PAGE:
In 1902, the Italian engineer and inventor, Guglielmo Marconi (1874-1937) successfully broadcasted a radio signal across the Atlantic Ocean. Just over one hundred years later, podcasts would be invented, building off the advent of the Internet. We can upload and download audio all around the world at speeds unfathomable to Marconi.
Yet, are podcasts a revolutionary technology like Marconi’s initial transmission? Are podcasts another revolutionary paradigm in audio technology? In a class I taught last spring, I asked my students these questions. Initially, my students praised the podcast as a truly revolutionary, democratic technology. Podcasters can hover over kitchen tables recording into laptops or they can rent studios with high quality microphones and audio engineers. No matter how one produces their audio, they upload their content to the same sites — iTunes, Stitcher…etc. Podcasts are all created equal and have an equal opportunity of being heard by everyone, or so said my students.
I followed their revolutionary declaration by drawing their attention to the socio-economic side of podcasting. On some level, don’t the technologies needed to produce and consume podcasts impede access and fundamentally undermine the so-called democratic character of podcasting? This question caught my students off-guard as they’d been focusing on the potential of the technology rather than the social and technological constraints that might limit access to podcasts. Basic internet access, the costs of smart phones and laptops, and the education needed to create technologically literate-citizens are all walls, which impede the ability of podcasts to be a truly democratic mode of information delivery — if such a thing exists. In the 1960s, a small transistor radio cost around $40 (over $300 in today’s money). My mother’s family who lived on a farm in rural Georgia, couldn’t afford that price. Millions of families around the world face similar financial burdens today. Surely, such financial restrictions limit the revolutionary potential of technology.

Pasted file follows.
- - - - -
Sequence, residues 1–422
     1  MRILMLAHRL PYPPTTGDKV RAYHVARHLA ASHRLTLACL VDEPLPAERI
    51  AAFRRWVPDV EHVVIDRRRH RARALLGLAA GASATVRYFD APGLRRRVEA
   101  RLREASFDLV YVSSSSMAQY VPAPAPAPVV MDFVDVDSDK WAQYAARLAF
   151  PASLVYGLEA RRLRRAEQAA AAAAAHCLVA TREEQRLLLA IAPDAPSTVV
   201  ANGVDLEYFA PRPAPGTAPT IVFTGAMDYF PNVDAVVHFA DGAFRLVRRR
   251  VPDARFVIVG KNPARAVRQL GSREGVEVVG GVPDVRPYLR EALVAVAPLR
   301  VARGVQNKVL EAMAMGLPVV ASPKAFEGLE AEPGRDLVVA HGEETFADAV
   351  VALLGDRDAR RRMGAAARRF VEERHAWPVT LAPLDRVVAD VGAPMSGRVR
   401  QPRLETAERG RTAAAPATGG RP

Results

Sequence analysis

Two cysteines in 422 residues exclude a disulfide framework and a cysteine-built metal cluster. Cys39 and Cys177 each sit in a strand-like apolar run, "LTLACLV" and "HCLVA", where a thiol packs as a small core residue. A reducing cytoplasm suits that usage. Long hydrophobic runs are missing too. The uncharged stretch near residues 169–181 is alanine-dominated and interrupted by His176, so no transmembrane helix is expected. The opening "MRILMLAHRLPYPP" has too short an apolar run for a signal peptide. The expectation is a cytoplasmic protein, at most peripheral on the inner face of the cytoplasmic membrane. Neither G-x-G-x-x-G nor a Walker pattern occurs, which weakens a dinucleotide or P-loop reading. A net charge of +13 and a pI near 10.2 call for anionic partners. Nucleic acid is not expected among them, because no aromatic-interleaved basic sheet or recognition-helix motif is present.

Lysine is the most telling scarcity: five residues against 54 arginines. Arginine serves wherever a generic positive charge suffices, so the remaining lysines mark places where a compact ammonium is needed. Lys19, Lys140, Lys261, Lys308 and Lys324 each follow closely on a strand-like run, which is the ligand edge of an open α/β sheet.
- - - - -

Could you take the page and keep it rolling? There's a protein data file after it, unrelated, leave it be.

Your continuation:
It seems to me that podcasts are more of an audio renaissance than a revolution. Podcasts are drawing people to audio in a world dominated by the visual – e.g. countless social medias, television, YouTube, …etc. One wonders how Marconi might react to the American comedian, Marc Maron whose comedy podcast WTF brought credibility to the medium. How might he react to the sheer impact of Serial? Each episode of season 1 was downloaded nearly 1.5 million times back in 2014. I like to think he’d enter the podcasting fray by starting his own Italian inventor podcast alongside the likes of the feminist actress and comedian, Lena Dunham, the journalist and best-selling author, Malcolm Gladwell, or even retired NBA star, Shaquille O’Neal. History buffs, professional historians, and other academics, too, have jumped on the proverbial band(width)wagon. The New Books Network offers interviews from authors across academia. Podcasts like the Juntocast and Past Present are run by professional historians. There are so many more — click here for a more detailed list.
While podcasting might not be the most revolutionary medium out there, it does help foster niche markets, which transcend the academic-popular history divide. “Revolutions” have found their way into several podcasts and created vital communities.
This week, Age of Revolutions will feature two interviews with podcasters who have a particular interest in revolutions. Tomorrow (Tuesday), we will post an interview with Liz Covart, the creator of Ben Franklin’s World — a podcast that covers Early American history, the American Revolution, and the practice of “Doing History.” Liz’s podcast just reached 1,000,000 downloads in early September! On Wednesday, we will post our interview with Mike Duncan, the host of Revolutions, a narrative podcast, which deconstructs political revolutions guided by the question — what happened next?
What do you think of podcasts and podcasting? Is it a revolutionary technology?